Difference between revisions of "Algorithms for Long Range Interactions"

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== Long Range Interactions & the root of the problem ==
 
== Long Range Interactions & the root of the problem ==
  
Formally a potential is defined to be short ranged if it decreases with distance <math> r </math> quicker or similar than <math> \frac{1}{r^{d-1}} </math> where <math> d </math> is the dimensionality of the system. Electrostatic, gravitatory and dipolar interactions, present in many physical systems, are examples of long range interactions.
+
<onlyinclude>A potential is defined to be short ranged if it decreases with distance <math> r </math> quicker or similar than   <math>r^{-(d-1)}</math> where <math> d </math> is the dimensionality of the system. Electrostatic, gravitatory and dipolar interactions, present in many physical systems, are examples of long range interactions. When long range intgeractions are present in a system, the weight of the interactions comming from far particles is non negligible.</onlyinclude> This is due to the type of decay of the interaction  with the distance: despite the particle-particle interaction decreases with the distance, the number of interactions increases in such way that the total contribution of the far particles may have a weight as large as the one due to  the interaction of neighbouring particles.
When long range intgeractions are present in a system, the weight of the interactions comming from far particles is non negligible. Due to the type of decay with the distance of the interaction, as we go further an furhter the  particle-particle interaction decreases but the number of interactions increases in such way that the contribution of the far particles to the total interaction of a particle can have a weight as large as the one due to  the interaction of a particle with neighbour particles.
 
 
          
 
          
The limited power of current computers makes impossible
+
The limited power of current computers makes impossible simulate macroscopic bulky systems. Small systems have a large surface vs volume ratio and therefore surface effects may govern the physics of the system. When long-range forces are present, the scenario to mimic bulky systems is even worse because  we will neglect a substantial part of the long-range interaction.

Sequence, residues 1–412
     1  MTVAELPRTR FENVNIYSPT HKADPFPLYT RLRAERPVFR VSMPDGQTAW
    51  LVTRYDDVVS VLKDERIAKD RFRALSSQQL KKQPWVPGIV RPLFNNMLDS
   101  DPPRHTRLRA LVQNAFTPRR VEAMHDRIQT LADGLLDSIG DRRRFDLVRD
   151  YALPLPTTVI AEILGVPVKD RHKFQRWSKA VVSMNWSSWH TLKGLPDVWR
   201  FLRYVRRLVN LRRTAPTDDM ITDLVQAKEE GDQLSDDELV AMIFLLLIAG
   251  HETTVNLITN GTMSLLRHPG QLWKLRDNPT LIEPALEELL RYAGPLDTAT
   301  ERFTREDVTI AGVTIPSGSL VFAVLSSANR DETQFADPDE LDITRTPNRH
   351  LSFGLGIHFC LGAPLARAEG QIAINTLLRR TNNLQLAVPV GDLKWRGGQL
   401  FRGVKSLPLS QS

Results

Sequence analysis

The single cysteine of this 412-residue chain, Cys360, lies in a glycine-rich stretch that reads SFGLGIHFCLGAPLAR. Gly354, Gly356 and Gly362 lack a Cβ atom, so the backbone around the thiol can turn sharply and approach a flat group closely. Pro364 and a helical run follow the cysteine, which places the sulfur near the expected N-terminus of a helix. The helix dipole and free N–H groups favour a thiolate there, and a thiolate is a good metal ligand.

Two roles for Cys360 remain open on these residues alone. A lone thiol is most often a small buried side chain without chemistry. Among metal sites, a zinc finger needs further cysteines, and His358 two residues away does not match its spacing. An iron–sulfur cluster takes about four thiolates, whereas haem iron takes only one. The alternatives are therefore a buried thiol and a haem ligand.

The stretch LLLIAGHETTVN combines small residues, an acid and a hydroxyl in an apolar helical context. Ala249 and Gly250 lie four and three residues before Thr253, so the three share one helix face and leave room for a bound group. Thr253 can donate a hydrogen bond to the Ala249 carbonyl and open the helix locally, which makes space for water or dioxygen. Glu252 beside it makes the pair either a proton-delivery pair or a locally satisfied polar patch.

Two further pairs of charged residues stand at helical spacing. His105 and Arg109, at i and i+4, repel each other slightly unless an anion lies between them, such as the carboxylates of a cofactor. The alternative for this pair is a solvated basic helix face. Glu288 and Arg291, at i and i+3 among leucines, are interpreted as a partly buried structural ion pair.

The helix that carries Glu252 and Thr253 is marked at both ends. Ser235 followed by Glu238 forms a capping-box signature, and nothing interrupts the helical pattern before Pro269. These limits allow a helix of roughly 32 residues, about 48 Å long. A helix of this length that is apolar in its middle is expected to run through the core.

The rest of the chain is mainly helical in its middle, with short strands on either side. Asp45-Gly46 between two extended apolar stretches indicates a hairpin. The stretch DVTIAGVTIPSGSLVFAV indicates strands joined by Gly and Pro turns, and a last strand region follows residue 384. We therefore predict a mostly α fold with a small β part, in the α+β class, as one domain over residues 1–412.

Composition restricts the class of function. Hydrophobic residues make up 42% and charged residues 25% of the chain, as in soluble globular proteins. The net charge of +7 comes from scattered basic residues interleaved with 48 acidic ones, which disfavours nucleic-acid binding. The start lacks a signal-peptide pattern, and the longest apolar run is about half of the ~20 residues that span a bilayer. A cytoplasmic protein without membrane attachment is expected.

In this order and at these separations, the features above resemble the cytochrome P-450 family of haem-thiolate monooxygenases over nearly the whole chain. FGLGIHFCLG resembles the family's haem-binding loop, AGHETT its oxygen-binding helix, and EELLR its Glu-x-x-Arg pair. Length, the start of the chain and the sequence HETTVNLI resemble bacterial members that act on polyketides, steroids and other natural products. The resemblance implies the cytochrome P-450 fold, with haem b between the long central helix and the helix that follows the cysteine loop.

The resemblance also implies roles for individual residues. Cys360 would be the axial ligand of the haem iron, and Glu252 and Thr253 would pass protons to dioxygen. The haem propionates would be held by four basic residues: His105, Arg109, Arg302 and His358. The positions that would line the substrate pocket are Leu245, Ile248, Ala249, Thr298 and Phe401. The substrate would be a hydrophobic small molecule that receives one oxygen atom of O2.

simulate macroscopic bulky systems. We should always work with very small systems where the ratio area vs volume is large and therefore surface effects modify the behaviour respect to bulky systems. Furtheremore, due to the very small sizes accesible to us,
 
the long-range component of the electrostatic interactions
 
cannot be addresed in an exact manner.
 
  
Even if Moore´s law was able to hold on indefinitely, we would need still around two centuries to be able to tackle with systems of the size of about one cubic centimeter. Therefore, it is clear that we need to do some sort of approach in order to mimic bulky systems.
+
Then, why we don't wait a little bit until computers become more powerful? Even if Moore´s law was able to hold on indefinitely, we would still need around two centuries to be able to tackle with systems of the size of about one cubic centimeter. Therefore, it is clear that we need to do some sort of approach in order to mimic bulky systems right now.
  
 
== How to mimic bulky systems with long range interactions ==
 
== How to mimic bulky systems with long range interactions ==
  
The straight cut-off or subsequent shift of the long-range interactions in
+
The straight cut-off (sometimes including a shift) of the long-range interactions have been   
these systems have been  observed to lead to many unphysical artifacts  
+
observed to lead to many unphysical artifacts in the simulations of bulky systems. Although 
in the simulations. Better approaches currently available are:
+
no perfect solution has been found, there exist some approaches to tackle with the problem:
 
* Reaction Field Methods.
 
* Reaction Field Methods.
 
* Periodic Boundary Conditions (artificial periodicity): Lattice-Sum Methods
 
* Periodic Boundary Conditions (artificial periodicity): Lattice-Sum Methods
* Hybrids of 2 and 3, eg. LSREF (Heinz2005).  
+
* Hybrids of the previous two approaches, eg. LSREF (Heinz2005).  
* MEMD – Maxwell Equations Molecular Dynamics (*2)
+
* MEMD – Maxwell Equations Molecular Dynamics (see ref.2)
  
==  Periodic Boundary Conditions  ==
+
==  Our Research: Periodic Boundary Conditions  ==
  
 
Frequently, periodic boundary conditions
 
Frequently, periodic boundary conditions
are used in simulations in order to approach bulk systems within the limits of currently available computers.
+
are the chosen approach. When periodic boundary conditions
 +
are used, an artificial periodicity is introduced in order to
 +
emulate the bulky system. The cell system is replicated and the interactions
 +
between the particles in the main cell and the particles located in the replica cells
 +